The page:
Mecca Skate Shop

A Marriage of Industrial and Interior Design

This project was a collaboration between three industrial design students and two interior design students. We were given a floor plan and three locations to choose from and were tasked with designing a retail store.


After our group had settled on the idea of making a skate shop, we investigated the different location options which were San Francisco, Memphis, and Pittsburgh. We found out that San Francisco was a very popular skate destination on the west coast in the 80’s and 90’s. It still has an active skate community to this day and is well known for its skate parks and long hills. Once we decided that we would put our skate shop in San Francisco, we did more research on skating as a whole. One of our group members, who is a skater himself, visited a local skate shop and found that it was very tightly packed with product. He knows from this experience and others that he’s had that skating can be very intimidating to newcomers and even existing skaters can be alienating to beginners. With this knowledge, we formulated our problem statement.

Problem Statement

How can we create a store and brand that makes skating more welcoming and accepting to newcomers while not alienating existing skaters?

Parti Diagram Ideation

We then each began putting down ideas for the general layout of our store in the form of parti diagrams.

Fixture Ideation

We also began sketching ideas for fixtures that could go in the skate shop.


From this perspective you can see the edge of the central hub which we call the Mecca. This is an area where skaters and employees can hang out and talk about the products and skating in general. You can also see the deck wall in the background. The decks are arranged to emulate the elevations of the hills in San Francisco.

This perspective shows our apparel section. On the wall behind the clothes racks is a geometric concrete and mirror pattern. This is similar to the colorful wood-wool wall pattern which can be see in the previous perspective.

The final perspective is a better view of our central hub, the Mecca. Arced seating and shelves subtly convey the central space without being overbearing. There are two ramp shaped product displays in the center. Here, customers can shop for shoes, decks, and accessories as well as talk with other skaters and employees.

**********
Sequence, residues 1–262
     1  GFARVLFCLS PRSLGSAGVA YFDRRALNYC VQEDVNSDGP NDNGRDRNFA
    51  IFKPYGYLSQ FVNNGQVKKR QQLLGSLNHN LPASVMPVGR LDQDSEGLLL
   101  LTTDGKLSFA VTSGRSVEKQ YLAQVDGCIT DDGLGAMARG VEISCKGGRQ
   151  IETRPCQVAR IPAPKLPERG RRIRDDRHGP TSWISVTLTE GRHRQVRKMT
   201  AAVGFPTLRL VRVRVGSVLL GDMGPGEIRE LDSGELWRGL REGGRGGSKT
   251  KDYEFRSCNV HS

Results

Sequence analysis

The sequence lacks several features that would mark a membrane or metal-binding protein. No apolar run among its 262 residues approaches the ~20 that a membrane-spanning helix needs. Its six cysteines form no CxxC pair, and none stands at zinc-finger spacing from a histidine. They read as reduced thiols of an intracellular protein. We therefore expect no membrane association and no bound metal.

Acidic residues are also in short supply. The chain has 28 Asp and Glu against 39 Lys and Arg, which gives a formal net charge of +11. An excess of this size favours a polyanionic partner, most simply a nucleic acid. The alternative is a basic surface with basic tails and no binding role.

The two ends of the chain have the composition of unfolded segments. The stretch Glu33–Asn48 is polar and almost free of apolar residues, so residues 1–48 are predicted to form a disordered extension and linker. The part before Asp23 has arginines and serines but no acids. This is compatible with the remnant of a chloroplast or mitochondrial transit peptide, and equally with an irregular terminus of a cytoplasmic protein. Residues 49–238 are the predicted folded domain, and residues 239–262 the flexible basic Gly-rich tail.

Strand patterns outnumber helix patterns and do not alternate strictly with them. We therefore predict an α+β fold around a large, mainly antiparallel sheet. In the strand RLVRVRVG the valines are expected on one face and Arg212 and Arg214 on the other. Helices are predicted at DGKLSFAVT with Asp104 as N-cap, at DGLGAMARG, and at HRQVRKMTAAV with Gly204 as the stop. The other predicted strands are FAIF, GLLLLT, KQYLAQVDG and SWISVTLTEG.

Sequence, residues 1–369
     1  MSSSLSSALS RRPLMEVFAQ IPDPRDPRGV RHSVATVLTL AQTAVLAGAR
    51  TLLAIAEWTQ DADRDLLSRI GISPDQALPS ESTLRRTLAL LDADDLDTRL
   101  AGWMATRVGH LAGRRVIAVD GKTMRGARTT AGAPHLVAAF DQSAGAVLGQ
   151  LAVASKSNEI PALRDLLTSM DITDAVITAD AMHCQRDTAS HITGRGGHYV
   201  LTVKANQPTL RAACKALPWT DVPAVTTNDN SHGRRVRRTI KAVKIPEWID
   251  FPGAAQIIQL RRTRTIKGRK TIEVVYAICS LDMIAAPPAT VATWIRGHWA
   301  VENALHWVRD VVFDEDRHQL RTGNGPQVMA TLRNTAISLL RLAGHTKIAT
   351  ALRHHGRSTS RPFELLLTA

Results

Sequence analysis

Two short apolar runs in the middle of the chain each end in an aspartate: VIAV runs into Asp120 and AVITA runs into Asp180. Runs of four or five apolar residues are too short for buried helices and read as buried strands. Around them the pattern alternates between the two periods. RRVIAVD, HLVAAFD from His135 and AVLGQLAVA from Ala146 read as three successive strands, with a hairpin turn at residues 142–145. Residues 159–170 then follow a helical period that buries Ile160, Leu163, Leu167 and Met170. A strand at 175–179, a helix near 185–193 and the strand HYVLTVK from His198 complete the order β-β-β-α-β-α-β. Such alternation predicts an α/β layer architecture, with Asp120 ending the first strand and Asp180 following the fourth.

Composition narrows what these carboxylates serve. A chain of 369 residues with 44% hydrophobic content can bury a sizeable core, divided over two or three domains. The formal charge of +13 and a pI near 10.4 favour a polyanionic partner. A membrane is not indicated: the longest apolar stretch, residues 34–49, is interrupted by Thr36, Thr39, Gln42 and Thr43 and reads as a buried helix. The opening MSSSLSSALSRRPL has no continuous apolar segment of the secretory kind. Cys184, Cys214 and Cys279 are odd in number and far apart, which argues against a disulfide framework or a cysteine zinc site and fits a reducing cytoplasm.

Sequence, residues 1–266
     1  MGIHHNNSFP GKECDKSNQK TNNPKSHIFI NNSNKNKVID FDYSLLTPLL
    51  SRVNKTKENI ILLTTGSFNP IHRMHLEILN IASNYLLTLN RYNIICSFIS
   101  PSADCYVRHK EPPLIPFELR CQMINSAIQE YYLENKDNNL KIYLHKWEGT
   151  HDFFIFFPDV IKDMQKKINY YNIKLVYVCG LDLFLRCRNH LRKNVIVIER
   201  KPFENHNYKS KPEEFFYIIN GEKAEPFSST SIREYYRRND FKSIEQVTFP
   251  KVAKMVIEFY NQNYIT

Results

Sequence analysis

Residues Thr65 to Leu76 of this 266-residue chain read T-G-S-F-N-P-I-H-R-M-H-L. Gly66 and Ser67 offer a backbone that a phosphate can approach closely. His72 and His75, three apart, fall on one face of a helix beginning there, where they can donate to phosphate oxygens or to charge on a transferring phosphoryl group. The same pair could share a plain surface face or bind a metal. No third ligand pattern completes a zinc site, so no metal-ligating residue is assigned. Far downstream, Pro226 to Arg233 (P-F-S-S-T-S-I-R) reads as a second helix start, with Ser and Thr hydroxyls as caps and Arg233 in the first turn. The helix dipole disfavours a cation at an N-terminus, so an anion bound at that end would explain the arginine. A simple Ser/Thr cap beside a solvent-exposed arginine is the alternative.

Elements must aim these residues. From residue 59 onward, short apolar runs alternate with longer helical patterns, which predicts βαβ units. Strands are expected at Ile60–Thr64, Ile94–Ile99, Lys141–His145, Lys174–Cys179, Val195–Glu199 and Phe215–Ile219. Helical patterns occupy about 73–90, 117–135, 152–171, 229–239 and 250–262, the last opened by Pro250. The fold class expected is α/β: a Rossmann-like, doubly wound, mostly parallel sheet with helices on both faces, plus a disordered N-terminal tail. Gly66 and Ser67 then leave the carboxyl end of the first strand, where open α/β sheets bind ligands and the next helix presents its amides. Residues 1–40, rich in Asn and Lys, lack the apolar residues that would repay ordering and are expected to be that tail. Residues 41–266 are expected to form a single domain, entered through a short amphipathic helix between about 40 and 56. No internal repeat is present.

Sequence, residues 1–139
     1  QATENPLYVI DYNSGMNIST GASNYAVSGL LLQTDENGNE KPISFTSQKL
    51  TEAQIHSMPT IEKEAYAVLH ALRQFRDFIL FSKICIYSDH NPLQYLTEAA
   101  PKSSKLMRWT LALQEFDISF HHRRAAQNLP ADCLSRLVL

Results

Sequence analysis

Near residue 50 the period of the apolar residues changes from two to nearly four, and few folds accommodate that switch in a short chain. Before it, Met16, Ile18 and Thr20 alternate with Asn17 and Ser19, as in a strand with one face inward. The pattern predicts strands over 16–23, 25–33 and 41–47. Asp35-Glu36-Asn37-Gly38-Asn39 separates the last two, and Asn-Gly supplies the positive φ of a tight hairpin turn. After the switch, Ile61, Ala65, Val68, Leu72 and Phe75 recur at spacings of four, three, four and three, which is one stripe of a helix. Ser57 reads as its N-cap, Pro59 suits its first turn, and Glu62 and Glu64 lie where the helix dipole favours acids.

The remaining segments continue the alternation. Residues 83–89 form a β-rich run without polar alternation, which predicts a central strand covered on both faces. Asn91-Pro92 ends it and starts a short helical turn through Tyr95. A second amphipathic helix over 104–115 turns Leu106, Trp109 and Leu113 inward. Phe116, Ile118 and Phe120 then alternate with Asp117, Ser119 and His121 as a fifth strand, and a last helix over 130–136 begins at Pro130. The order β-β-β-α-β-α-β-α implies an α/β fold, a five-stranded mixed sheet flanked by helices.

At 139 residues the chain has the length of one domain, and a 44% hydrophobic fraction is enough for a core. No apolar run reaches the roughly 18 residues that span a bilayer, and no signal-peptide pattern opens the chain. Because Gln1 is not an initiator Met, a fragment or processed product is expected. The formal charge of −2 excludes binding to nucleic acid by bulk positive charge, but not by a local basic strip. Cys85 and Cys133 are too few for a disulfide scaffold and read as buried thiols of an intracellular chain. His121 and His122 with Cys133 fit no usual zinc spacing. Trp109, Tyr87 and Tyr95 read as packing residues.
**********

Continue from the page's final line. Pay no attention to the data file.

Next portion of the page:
Floor Plan and Axon


A potential customer is drawn to the store by seeing the rotating deck display racks.
As the customer enters the store, he is greeted by a friendly Mecca employee.
The employee shows the customer around the store, sharing knowledge about the boards and accessories and helping the customer make the best decision.
The customer selects a deck and accessories from the wide selection.
The customer purchases the products he selected.
The new customer, having bought his first skateboard, joins other skaters in the central hub to talk about skating and learn about local places to skate.

Mecca is dedicated to providing knowledgeable service to skaters of all skill levels without alienating beginner skaters. We don’t overwhelm skaters with densely packed products. We provide them with what they need in an atmosphere that is accepting and encouraging.

This project was an interesting experience as it allowed us industrial designers to see how the interior designers work. We learned about several tools that interior designers use to convey their ideas like parti diagrams and perspectives. The interior designers learned how we iterate and design fixtures through several versions. I also learned all the various aspects that go into creating a retail store. You must consider the location, the customers, the atmosphere, the employees, and much more. Everything must come together to create a cohesive shopping experience.

I think our group was pretty successful although our final deliverable isn’t perfect. I was never satisfied with the lighting conditions of the final perspectives and I think that partly has to do with the limitations of the software that the interior designers used. I gained a lot of respect for the interior designers because there is a lot of Photoshop legwork involved with taking the renderings from Sketchup and turning them into a presentable perspective. I think other software like Fusion 360 could be integrated into the process to get a more accurate representation of envisioned atmosphere of the store.

I’m glad we got to work with students from another discipline in a group environment. I learned a lot from them as well as from my fellow industrial designers. I’m interested to work with other types of designers or engineers in the future and see how I can integrate their skills into my workflow.